Torrance’s Tom Aaker Has Good Cause to Finish L.A. Marathon Today

Times Staff Writer

Although he enters two marathons a year, Tom Aaker of Torrance has never cared much about the extravagant prizes awarded to the top finisher or even about the several hundred dollars awarded to each of the first 10 runners who cross the finish line.

Today won’t be any different.

While elite athletes conquer the 26.2-mile Los Angeles Marathon course with material goals in mind--the top female and male finishers will each receive $26,385, a Mercedes-Benz sedan and an 18-karat gold sports watch--Aaker will do it to help the needy.

The 26-year-old Aaker will run the fourth annual race through the streets of downtown Los Angeles to raise funds for victims of domestic violence and impoverished children.


Aaker knows he doesn’t stand a chance against the elite on such a grueling course. After all, he’s only a semi-hardcore distance runner, training an average of 60 miles a week on Redondo Beach’s bike path and West Torrance High’s track.

He maintains a strict diet and has finished five marathons (Boston, San Francisco, Portland and twice in Chicago), but he probably won’t come close to matching the top female runner’s time today, and he’ll finish at least half an hour behind the top male runner.

The monetary reward the 5-foot-11, 145-pound associate investment manager expects to receive from the race won’t come from placing high. Instead, Aaker will get about $1 a mile from each of several sponsors-- after he finishes the course.

“Those runners are so good,” Aaker said, “and so far ahead that I never find myself running with them. I’m always quite a ways behind the leaders. I don’t enter races to compete against others, specially not them. I do it because I really enjoy running, and I like to compete against myself.”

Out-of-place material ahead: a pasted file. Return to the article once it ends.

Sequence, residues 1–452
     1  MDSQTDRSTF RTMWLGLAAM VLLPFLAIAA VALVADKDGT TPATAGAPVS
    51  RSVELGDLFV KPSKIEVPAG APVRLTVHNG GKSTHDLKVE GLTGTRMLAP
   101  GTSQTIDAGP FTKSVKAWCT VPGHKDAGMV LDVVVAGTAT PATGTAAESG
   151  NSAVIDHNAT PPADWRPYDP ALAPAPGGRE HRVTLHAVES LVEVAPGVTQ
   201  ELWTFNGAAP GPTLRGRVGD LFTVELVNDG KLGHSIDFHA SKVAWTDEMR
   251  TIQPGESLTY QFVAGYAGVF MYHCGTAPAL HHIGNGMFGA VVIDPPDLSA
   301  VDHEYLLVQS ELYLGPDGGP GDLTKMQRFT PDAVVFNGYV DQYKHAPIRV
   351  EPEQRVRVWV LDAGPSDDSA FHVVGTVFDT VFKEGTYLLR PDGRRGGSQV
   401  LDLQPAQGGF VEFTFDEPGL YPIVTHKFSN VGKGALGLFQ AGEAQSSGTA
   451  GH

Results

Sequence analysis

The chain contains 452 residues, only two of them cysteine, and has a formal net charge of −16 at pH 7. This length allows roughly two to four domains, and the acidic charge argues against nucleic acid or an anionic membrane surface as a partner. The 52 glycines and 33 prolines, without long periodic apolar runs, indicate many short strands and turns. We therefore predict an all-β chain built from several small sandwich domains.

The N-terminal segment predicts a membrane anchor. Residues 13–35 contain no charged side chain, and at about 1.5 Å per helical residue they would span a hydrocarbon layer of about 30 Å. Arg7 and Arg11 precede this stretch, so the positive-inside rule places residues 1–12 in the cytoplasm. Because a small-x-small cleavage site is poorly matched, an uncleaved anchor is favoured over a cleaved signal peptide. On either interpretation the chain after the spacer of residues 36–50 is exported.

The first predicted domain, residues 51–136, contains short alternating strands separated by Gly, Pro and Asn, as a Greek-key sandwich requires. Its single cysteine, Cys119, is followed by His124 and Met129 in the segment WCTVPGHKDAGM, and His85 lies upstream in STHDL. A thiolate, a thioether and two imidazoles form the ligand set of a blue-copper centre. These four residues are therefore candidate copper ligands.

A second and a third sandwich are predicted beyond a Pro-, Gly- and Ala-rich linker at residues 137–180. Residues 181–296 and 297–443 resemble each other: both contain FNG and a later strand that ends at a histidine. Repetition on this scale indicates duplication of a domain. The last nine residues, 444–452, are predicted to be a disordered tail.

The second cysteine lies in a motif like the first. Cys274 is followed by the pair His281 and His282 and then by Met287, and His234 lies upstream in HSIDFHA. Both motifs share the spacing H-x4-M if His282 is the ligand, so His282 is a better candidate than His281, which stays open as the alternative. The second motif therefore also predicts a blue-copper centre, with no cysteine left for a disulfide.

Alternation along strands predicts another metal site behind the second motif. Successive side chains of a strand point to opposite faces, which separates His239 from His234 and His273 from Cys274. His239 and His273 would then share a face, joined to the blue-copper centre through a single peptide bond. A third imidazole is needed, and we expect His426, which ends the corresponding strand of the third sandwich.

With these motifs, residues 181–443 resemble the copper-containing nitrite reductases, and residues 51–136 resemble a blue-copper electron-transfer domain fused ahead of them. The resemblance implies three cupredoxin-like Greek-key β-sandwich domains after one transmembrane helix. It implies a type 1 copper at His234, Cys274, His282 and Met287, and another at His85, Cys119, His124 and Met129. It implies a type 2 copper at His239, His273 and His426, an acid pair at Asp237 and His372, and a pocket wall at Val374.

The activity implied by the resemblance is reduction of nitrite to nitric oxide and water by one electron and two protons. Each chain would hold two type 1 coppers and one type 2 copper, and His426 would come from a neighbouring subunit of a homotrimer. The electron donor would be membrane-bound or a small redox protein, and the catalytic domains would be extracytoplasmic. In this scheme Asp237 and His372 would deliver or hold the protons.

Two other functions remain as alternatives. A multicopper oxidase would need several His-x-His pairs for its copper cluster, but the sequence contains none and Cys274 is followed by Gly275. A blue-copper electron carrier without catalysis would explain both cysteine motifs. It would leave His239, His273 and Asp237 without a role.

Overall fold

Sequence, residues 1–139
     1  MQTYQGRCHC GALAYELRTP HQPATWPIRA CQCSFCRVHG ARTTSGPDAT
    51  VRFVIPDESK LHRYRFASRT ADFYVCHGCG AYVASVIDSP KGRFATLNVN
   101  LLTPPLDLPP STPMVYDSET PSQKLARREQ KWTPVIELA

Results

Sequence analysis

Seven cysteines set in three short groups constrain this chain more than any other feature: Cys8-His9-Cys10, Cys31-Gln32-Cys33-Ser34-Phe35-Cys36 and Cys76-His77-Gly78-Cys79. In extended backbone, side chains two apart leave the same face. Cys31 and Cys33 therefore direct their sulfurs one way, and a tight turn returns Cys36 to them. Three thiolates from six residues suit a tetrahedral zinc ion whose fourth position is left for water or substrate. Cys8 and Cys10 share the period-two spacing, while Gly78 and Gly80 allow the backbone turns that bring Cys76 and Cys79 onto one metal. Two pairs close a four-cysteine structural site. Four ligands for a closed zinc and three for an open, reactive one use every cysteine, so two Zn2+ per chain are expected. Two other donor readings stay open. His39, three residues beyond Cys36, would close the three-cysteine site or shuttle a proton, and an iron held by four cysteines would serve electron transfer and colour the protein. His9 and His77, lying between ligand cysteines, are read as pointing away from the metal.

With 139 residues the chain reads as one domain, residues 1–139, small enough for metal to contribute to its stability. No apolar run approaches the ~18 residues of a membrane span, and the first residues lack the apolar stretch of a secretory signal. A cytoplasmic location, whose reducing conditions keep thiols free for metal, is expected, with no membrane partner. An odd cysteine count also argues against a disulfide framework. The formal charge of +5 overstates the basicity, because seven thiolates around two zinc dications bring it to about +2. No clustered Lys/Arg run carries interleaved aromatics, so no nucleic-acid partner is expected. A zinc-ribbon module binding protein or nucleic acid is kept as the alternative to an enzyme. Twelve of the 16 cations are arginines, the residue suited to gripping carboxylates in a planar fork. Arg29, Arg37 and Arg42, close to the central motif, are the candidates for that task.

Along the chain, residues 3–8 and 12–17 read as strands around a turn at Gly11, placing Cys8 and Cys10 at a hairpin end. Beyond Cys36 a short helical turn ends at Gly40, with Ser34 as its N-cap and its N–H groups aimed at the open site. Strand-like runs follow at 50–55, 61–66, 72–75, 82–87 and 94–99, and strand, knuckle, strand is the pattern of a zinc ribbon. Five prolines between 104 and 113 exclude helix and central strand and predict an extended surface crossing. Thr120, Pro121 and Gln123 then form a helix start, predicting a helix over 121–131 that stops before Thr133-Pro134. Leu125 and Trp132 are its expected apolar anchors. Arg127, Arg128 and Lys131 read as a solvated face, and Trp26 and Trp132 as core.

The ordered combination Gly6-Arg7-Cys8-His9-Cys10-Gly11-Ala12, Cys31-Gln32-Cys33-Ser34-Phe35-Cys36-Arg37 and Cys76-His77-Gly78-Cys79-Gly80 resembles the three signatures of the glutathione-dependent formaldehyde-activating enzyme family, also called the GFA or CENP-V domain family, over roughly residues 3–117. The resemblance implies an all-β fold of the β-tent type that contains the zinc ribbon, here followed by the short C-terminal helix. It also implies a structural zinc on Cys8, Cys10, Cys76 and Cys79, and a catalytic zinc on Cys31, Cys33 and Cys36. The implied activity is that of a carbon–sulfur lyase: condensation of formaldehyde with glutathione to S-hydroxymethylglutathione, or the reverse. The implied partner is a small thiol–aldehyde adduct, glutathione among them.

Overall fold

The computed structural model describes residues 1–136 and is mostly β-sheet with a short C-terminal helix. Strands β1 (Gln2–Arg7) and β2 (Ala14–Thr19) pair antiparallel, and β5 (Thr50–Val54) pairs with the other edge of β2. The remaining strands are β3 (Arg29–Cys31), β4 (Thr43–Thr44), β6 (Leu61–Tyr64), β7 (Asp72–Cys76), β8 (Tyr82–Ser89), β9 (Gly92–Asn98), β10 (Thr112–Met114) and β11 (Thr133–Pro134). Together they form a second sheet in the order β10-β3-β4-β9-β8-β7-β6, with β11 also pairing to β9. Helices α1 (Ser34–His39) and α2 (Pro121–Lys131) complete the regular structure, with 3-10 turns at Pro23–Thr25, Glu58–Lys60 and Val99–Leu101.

Aaker’s best time, 2:54.57, came at the Chicago Marathon in 1987. His last big race was the Portland Marathon last September, which he ran in 3:19.

Last year’s L.A. Marathon winner, Martin Mondragon of Mexico, finished in 2:10.11. The female winner, also from Mexico, was Blanca Haime, who ran it in 2:36.11.

Both Mondragon and Haime will compete today in a field of about 17,000 runners that includes Japan’s Taisuke Kodama, former South African Mark Plaatjes and American Greg Meyer. Kodama’s best mark (2:07.35) is very close to the world marathon record of 2:07.11, and Plaatjes has run a 2:08.58 marathon.

The top women include Portugal’s Rosa Mota and the Soviet Union’s Zoya Ivanova. Mota has come within two minutes of the women’s world marathon record of 2:21.06, and Ivanova has come within about seven minutes.

Stiff competition for a part-time runner who competes for fun and worthy causes.

That’s why Aaker, who graduated from Loyola Marymount University in 1984 and received a master’s degree from Northwestern University in 1986, has found a different incentive to finish the lengthy race.

He hopes to raise $1,000 in pledges, which will go to an All Nations Foundation camp in the Angeles National Forest. Since the 1920s, the foundation has operated camping programs for inner-city kids and battered women and children.

Karen Holmes, Aaker’s colleague at Prudential Capital Corp., asked him to represent the charity when she learned that he planned to run in the marathon.


“He agreed right away,” said Holmes, whose parents are volunteer workers for the charity foundation. “We raised about $7,000 last year. The race really helps us a lot. It’s great that Tom is doing this.”

While Aaker is concentrating heavily on finishing today’s marathon to collect the pledges, he plans to run in many more. He started running as a high school tennis player and completed his first marathon in San Francisco in 1986 in 3:35.

Marathons are a big part of his life, he says, just like shedding his suit and tie to prepare for a run on the beach at the end of a long work day.

“I just want to run in them forever,” Aaker said. “I really do. I’m going to do this for a long time. I even want to run in a marathon overseas someday.”

Today, however, he’ll dash through the not-so-scenic streets of downtown L.A. for a good cause.